F-Secure Labs links nearly a decade of state-sponsored cyberattacks to a group of hackers backed by Russia.
A new report published by F-Secure Labs links a number of state-sponsored cyberattacks to a hacking group engaged in Russian intelligence gathering. The whitepaper provides an in-depth analysis of a hacking group called “The Dukes”, and outlines over seven years of its attacks against governments and related organisations in the United States, Europe and Asia.
The report provides a detailed account of “The Dukes” – a group of attackers using a family of unique malware toolsets used to steal information by infiltrating computer networks and sending the data back to attackers. According to the report, the group has been using these toolsets to launch cyberattacks that support Russian intelligence gathering for at least seven years.
Specific targets of the attacks discussed in the report include the former Georgian Information Center on NATO (now called the Information Center on NATO and EU), the Ministry of Defense of Georgia, the ministries of foreign affairs in both Turkey and Uganda and other government institutions and political think tanks in the United States, Europe and Central Asia.
Artturi Lehtiö, F-Secure’s researcher heading the investigation, said the new analysis strengthens claims that the group is backed by Russia and is working to support Russian intelligence gathering. “The research details the connections between the malware and tactics used in these attacks to what we understand to be Russian resources and interests. These connections provide evidence that helps establish where the attacks originated from, what they were after, how they were executed and what the objectives were. And all the signs point back to Russian state-sponsorship.”
The Duke group uses nine different variants of malware toolsets and, while many of them were previously known to researchers, it was Lehtiö’s discovery of two new variants that allowed researchers to make new connections between the group and the attacks. According to Patrik Maldre, a junior research fellow with the International Centre for Defence and Security in Estonia, it provides vital information that researchers and analysts can now use to put together a bigger picture of how cyberattacks are used to support Russian intelligence gathering and political objectives.
“The connections identified in the report have significant international security implications, particularly for states in Eastern Europe and the Caucasus,” said Maldre. “They shed new light on how heavily Russia has invested in offensive cyber capabilities and demonstrate that those capabilities have become an important component in advancing its strategic interests. By linking together seven years of individual attacks against Georgia, Europe and the United States, the report confirms the need for current and prospective NATO members to strengthen collective security by increasing cyber cooperation in order to avoid becoming victims of Russian information warfare, espionage and subterfuge.”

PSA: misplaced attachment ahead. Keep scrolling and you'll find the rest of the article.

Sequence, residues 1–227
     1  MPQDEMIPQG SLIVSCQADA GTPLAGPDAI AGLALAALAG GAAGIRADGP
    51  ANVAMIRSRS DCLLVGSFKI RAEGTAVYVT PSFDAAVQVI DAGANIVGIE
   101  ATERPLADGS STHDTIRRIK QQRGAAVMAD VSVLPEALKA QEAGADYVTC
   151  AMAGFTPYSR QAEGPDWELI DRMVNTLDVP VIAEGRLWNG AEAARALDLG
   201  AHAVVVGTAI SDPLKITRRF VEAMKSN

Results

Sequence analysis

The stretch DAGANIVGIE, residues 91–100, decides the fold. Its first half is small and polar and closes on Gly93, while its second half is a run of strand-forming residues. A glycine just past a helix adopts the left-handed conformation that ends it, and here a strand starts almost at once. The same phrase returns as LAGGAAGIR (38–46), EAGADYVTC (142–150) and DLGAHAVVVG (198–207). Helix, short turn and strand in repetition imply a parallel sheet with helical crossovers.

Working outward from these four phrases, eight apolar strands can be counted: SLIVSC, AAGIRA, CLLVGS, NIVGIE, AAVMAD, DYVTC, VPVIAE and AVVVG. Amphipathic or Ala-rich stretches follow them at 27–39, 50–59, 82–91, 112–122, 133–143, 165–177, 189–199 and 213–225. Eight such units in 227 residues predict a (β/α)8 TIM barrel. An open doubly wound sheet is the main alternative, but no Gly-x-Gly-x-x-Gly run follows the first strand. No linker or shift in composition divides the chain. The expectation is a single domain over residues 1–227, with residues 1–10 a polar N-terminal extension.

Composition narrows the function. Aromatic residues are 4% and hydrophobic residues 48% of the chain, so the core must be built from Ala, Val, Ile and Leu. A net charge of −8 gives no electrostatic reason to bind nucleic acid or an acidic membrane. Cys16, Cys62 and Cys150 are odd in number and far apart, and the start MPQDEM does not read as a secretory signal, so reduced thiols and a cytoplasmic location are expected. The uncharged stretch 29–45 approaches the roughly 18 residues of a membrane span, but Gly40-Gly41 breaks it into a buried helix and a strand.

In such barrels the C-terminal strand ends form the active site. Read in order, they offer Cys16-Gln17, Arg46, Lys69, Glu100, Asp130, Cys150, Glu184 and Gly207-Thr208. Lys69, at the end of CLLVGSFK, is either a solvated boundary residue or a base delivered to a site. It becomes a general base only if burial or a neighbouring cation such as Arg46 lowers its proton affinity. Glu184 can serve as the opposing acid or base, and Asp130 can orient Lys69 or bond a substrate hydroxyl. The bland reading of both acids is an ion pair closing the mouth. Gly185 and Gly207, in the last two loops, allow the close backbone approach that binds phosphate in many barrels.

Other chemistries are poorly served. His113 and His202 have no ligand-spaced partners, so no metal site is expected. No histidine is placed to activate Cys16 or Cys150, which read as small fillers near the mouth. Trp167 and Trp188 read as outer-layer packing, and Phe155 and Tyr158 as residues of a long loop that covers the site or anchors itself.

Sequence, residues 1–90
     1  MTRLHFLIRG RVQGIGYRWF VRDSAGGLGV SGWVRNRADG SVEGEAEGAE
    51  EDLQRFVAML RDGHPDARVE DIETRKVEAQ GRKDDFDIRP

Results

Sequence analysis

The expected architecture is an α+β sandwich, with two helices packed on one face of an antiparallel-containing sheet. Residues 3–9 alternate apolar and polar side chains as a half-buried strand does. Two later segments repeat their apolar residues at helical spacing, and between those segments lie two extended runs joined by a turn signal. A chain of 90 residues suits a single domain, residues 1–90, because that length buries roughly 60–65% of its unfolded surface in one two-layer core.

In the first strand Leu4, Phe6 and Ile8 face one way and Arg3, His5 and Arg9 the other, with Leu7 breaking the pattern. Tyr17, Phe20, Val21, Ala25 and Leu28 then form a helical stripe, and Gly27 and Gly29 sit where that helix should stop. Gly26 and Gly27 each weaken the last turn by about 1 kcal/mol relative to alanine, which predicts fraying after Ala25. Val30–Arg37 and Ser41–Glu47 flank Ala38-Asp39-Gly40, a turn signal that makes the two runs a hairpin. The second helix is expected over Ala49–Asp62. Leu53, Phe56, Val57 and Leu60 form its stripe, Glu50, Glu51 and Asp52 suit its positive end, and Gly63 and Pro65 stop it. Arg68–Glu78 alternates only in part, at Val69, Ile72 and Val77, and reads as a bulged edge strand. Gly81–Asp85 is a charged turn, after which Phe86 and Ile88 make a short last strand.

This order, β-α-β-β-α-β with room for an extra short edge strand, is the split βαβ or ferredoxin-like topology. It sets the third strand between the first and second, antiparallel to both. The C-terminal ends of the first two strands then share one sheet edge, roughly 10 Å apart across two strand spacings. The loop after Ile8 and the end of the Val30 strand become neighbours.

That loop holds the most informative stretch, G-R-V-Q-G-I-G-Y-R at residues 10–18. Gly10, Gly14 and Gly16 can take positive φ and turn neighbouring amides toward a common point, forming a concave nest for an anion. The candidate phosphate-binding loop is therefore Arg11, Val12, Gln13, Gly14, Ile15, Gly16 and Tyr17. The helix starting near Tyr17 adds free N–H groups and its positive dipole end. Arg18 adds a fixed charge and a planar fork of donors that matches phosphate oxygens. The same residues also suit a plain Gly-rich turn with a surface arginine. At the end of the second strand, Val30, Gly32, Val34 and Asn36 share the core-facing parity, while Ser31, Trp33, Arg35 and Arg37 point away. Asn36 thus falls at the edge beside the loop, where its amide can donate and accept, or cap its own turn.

Mika Aaltola, program director for the Global Security research program at the Finnish Institute of International Affairs, said the report also has special significance for countries in Northern Europe. “Smaller countries, such as Sweden and Finland are particularly vulnerable to this kind of espionage. Nordic and Baltic countries are always trying to balance Russian and Western interests, and Russia uses its cyberattack capabilities to find ways to tip the balance in its favour. Attributing cyberattacks is notoriously challenging, which lets Russia deny its activities in this space and exert influence in much softer, much less visible ways.”
Both Maldre and Aaltola are currently working on research that incorporates Lehtiö’s study on the Dukes. Lehtiö’s whitepaper, called “The Dukes: 7 Years of Russian Cyberespionage”.[su_box title=”About F-Secure” style=”noise” box_color=”#336588″]F-Secure was founded in Helsinki, Finland in 1988. There were just a few of us back then – a few passionate people who cared deeply about doing things right. A lot has changed in all those years. The digital world grew up, and so did we. But although we’re now a world leader in security, we’ve never lost the values we were established on – privacy, integrity, transparency and trustworthiness.The battles have changed through the years. Malware and other online threats evolve, but the fight remains the same.[/su_box]